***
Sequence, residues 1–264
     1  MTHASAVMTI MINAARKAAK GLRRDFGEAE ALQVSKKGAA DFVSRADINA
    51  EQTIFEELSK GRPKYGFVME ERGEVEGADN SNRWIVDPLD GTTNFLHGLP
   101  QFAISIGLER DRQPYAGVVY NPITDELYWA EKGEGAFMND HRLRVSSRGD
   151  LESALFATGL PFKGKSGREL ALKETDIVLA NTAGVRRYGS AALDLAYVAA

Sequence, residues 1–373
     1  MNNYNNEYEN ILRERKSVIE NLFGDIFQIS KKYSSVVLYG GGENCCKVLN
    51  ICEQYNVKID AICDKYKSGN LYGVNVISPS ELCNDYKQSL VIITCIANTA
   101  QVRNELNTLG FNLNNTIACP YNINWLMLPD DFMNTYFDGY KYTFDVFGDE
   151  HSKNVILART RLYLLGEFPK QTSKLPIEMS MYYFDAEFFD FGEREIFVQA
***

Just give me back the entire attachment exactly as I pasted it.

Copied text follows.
Sequence, residues 1–264
     1  MTHASAVMTI MINAARKAAK GLRRDFGEAE ALQVSKKGAA DFVSRADINA
    51  EQTIFEELSK GRPKYGFVME ERGEVEGADN SNRWIVDPLD GTTNFLHGLP
   101  QFAISIGLER DRQPYAGVVY NPITDELYWA EKGEGAFMND HRLRVSSRGD
   151  LESALFATGL PFKGKSGREL ALKETDIVLA NTAGVRRYGS AALDLAYVAA

Sequence, residues 1–373
     1  MNNYNNEYEN ILRERKSVIE NLFGDIFQIS KKYSSVVLYG GGENCCKVLN
    51  ICEQYNVKID AICDKYKSGN LYGVNVISPS ELCNDYKQSL VIITCIANTA
   101  QVRNELNTLG FNLNNTIACP YNINWLMLPD DFMNTYFDGY KYTFDVFGDE
   151  HSKNVILART RLYLLGEFPK QTSKLPIEMS MYYFDAEFFD FGEREIFVQA